Towering Englishman Chris Wood, 25, shot an eight-under-par 64 to move to 15-under and open up a three-shot lead after the third round of the US$2.5 million Commercial Bank Qatar Masters – a day after helping his fellow pro golfers win a friendly penalty shootout against a local youth football team. Compatriot Simon Khan earlier shot 64 at Doha Golf Club to lie 12-under and was joined by New Zealander Michael Campbell (68), the 2005 US Open champion, and Sweden’s Alexander Noren (66), one of Wood’s teammates in the football challenge.
Sergio Garcia had drawn within two shots of Wood with four birdies, but two late bogeys in increasingly blustery winds meant the Spanish star finished with a 70 to share fifth place at 11-under with South African Branden Grace (67), a four-time winner on last year’s European Tour.
Ryder Cup hero Martin Kaymer (72), among the second-round leaders with Garcia, is in a share of 11th at nine-under, while both World Number Five Louis Oosthuizen (68) and World Number 11 Jason Dufner (67) are a further shot back in a tie for 15th. World Number Four Justin Rose signed for another 71 and is six-under, nine off the pace.
It was left to the six-foot five-inch Wood to cut the 7,374-yard Championship Course down to size with five birdies on the front nine before shooting into the outright lead with an eagle at the par-five 10th.
Although a bogey at 12 slowed him down, the Bristol-born golfer bounced back with birdies at 14 and 16 to raise hopes of his first European Tour victory. Wood has recorded three runner-up finishes since 2011, most recently at the Sicilian Open last April, and 19 top-10 finishes on The European Tour.
“I shot 67, but it could have been a few better. I felt like I was swinging the club well enough to give myself more and more chances. Certainly the front nine was a good scoring opportunity, as the wind picked up on the back nine,” said the soft-spoken Wood, who won his first pro title at the Thailand Open last August, on the OneAsia circuit.
“It’s nice to put a low number on the board for tomorrow and I’m very excited. I thought as long as I kept myself in the mix, then I was going to be really looking forward to it but leading gives me a bit of a cushion. Obviously it’s going to be difficult. It’s hard to win any tournament on The European Tour.”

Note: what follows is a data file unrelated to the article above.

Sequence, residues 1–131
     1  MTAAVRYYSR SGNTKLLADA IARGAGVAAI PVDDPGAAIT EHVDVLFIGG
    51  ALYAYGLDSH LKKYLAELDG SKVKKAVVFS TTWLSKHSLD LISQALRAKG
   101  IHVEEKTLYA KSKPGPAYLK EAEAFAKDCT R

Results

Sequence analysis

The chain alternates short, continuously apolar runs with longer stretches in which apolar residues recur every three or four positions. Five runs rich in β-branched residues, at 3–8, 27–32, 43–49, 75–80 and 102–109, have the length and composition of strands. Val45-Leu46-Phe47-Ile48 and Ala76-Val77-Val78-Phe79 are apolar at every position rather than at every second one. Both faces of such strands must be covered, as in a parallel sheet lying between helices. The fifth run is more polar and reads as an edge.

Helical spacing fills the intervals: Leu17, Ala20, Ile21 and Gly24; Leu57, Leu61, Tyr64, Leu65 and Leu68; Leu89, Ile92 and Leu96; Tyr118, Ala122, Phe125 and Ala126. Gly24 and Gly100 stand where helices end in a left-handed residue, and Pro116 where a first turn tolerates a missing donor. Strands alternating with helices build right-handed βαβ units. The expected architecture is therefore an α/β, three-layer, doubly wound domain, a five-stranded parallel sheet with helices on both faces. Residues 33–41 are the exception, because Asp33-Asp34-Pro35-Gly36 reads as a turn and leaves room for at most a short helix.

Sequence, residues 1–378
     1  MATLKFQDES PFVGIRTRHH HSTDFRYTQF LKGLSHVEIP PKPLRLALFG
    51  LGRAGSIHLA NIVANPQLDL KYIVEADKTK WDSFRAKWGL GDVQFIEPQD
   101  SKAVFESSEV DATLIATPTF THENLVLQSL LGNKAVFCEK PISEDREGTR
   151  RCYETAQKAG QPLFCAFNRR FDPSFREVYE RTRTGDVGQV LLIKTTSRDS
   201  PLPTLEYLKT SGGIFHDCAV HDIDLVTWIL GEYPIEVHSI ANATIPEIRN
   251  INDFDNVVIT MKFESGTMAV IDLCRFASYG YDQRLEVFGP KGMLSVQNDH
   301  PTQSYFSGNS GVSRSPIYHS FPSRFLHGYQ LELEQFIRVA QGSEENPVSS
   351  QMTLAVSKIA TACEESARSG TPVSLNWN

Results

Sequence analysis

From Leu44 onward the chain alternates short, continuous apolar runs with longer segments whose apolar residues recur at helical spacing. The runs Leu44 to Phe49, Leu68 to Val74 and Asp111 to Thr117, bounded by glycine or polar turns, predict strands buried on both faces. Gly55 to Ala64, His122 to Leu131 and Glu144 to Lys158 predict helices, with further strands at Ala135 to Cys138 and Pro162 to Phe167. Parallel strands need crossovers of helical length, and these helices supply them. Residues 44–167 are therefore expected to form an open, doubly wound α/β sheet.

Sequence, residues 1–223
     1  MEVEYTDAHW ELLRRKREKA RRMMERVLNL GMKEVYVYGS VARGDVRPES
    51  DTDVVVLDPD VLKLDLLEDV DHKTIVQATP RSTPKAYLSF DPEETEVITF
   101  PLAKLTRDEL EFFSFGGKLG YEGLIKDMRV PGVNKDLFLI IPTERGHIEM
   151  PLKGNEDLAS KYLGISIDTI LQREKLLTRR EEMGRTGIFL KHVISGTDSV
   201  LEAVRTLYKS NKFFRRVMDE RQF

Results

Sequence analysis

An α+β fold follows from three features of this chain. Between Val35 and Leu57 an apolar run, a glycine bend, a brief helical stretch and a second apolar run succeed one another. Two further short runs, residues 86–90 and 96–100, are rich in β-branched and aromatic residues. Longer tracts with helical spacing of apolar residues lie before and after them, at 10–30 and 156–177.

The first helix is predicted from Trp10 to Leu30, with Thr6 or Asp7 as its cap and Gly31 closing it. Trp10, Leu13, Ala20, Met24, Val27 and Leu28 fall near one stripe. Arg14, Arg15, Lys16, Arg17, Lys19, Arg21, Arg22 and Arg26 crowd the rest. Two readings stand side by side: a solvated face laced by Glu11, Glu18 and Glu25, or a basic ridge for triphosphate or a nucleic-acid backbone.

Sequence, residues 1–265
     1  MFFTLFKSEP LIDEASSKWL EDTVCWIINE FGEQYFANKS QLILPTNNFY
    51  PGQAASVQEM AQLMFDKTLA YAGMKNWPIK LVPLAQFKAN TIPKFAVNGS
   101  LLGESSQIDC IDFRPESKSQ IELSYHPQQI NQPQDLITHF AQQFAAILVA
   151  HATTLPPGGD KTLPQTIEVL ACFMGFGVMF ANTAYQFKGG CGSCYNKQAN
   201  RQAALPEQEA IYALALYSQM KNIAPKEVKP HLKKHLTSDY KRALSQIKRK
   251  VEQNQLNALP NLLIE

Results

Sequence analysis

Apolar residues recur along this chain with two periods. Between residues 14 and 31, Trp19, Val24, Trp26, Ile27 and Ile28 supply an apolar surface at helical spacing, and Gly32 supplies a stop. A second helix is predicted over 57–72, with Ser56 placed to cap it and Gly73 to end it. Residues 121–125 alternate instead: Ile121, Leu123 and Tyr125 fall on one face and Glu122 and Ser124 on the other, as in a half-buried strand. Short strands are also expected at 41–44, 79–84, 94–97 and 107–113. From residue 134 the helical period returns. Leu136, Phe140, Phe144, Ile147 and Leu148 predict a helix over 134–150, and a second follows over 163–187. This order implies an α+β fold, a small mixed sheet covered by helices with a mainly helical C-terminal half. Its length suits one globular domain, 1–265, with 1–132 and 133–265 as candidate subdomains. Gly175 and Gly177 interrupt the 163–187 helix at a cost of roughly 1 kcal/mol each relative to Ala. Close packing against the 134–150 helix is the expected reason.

Wood, who gained international recognition with a third place at the 2009 Open Championship, even found time to take part in a penalty shootout with four fellow pros after the second round on Thursday afternoon, taking on youth players from top club Al Sadd.
“I enjoyed it. I love football. I try to play occasionally when I’m at home, a bit of five-a-side back with my mates. I follow everything. I’m a season ticket holder at Bristol City and a Manchester United fan. I take any opportunity I can get,” said Wood, a former county footballer who was at the Bristol City Academy when he was 14.
“We don’t really get the chance to play any football, as we’re focused on golf all week. I don’t think it would be too wise to get the English and the Spanish to play each other on a Friday night!”
Campbell, a European Tour eight-time winner, is a popular contender in Qatar as the Kiwi bids to claim his first pro victory since 2005, when he won the US Open and the World Match Play Championship.
“It’s just nice to be out here and having some fun at the same time and maybe have a chance of winning,” Campbell said.
“At this time last year, I was packing my bags at this stage and going home, so I can’t complain about that. Being three shots behind with one round to go, it’s definitely nice to be in this situation.”
Garcia, who will play with Grace in the third-last group, enjoyed the largest galleries, but was disappointed not to be closer to the leader after bogeys on 15 and 18, when his third shot ended in the greenside lake.
“I can be a little bit disappointed with the score, but not with the way I played. Even on 18, I thought I hit a nice shot, tried to draw it a little bit with a nine‑iron and the wind just didn’t hold it at all and unfortunately it went in the water,” said Garcia, who got up and down for a bogey to cheers from crowds packing the enormous hospitality pavilions.
“Hopefully the putts that didn’t want to go in today will go in tomorrow. I just have to give it one more try and hopefully that will be good enough. Obviously it will be a big day for Chris. If he goes out there and plays well, he’ll probably win. If not, he’ll have to work it out.”
Dufner, who won his first and second titles on the US PGA Tour last year, fired out of the blocks in the morning with four birdies on the front nine and began the back nine with back-to-back birdies, but backed up a bit with a bogey on the par-three 13th.
“I hit the ball fairly well and made some putts, so I’m in a good spot. If I can put in a low score tomorrow, maybe they can feel a bit of the heat. I’m just going to try to do the same as I’ve been doing tee to green, then hole some putts,” said the 35-year-old American, one of the USA’s top performers in September’s Ryder Cup.
“I feel good about my game. I’ve really hit it well. I hit it pretty well last week, but this week I’ve stepped it up a little bit.”
The Commercial Bank Qatar Masters will finish on a Saturday for the first time.